Even if belatedly, the leadership of the BJP has begun to differentiate itself from the Congress Party which ruled free India for over half a century during which it grafted inorganic socialism learned by Jawaharlal Nehru, post-independence India’s first prime minister in fashionable drawing rooms of the idle rich in Bloomsbury Square, London, upon the Indian economy. Replying to the motion of thanks to the President’s address to Parliament on February 10, prime minister Narendra Modi unequivocally spoke up for private enterprise and the country’s private sector industry leaders and entrepreneurs. “The culture of abusing the private sector is not acceptable. We cannot go on abusing our youth (sic) like this,” he said highlighting the role of private pharmaceutical companies which have made worldwide impact, and private telecom companies which provide the world’s cheapest connectivity. On February 24, he went one better. “Government has no business to be in business,” he said.
Such unequivocal public declarations in favour of private enterprise and entrepreneurs has never been made by any leader of the Central or state governments during the past half century and is music to your editor’s ears. The assertion that the business of government is governance and not commerce, was continuously reiterated by your correspondent as founding editor of Business India and later Businessworld (1978-87).
Presumably to some effect because when P.V. Narasimha Rao was appointed Congress president and prime minister in 1991, post-independence India’s notorious licence-permit-quota raj was substantially dismantled. Industrial licensing and monopolies legislation was rescinded and greater freedom to conduct business was conferred upon private sector industry. The impact of the landmark economic liberalisation and deregulation of 1991 was dramatic and immediate. The annual rate of GDP growth, which had languished at a rock-bottom 3.5 percent for over four decades, more than doubled to 8.5 percent for the next two decades and has levelled off at 5 percent.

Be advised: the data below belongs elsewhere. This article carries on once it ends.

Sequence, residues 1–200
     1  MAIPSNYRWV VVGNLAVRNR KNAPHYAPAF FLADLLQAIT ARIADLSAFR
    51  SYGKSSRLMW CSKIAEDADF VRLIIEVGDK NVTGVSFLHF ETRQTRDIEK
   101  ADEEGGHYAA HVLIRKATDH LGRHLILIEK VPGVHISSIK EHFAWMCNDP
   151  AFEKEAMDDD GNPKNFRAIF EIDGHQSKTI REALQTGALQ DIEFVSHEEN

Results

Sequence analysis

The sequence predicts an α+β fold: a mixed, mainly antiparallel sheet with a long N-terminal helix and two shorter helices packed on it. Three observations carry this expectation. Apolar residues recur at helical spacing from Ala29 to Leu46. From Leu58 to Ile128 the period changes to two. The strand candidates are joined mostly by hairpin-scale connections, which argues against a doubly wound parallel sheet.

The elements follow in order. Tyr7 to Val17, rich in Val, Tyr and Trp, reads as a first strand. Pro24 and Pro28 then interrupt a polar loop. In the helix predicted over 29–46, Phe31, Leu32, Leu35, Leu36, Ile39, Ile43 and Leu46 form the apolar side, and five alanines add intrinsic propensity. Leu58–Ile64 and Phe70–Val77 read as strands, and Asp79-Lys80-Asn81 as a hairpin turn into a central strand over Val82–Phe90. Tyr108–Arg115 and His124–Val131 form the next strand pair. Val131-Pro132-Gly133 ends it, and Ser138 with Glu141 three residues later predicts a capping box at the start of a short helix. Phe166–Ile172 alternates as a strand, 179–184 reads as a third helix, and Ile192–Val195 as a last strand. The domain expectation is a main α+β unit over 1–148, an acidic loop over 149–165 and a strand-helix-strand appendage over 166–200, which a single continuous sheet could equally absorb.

Therefore when the BJP was swept to power at the Centre in 2014, the general expectation was that it would accelerate liberalisation of the economy because of its pro-business credentials and because it is unencumbered by the socialist legacy baggage of the Congress party. But in its first term it queered its pitch with the ill-advised currency demonetisation experiment which proved a disaster. However even if belatedly, its leadership seems to have seen the light.
The plain, unvarnished truth is that post-independence India’s persistence with neta-babu socialism and pervasive licence-permit-quota raj has been an unmitigated disaster which has ruined the modest material aspirations of two generations of free India’s citizens. Foolishly Congress party leader Rahul Gandhi continues to demonise “suit-boot” businessmen. But for their taxes and job creation India’s children won’t have a snowball’s chance in hell. Now it’s time for prime minister Modi and the BJP to walk their belated talk.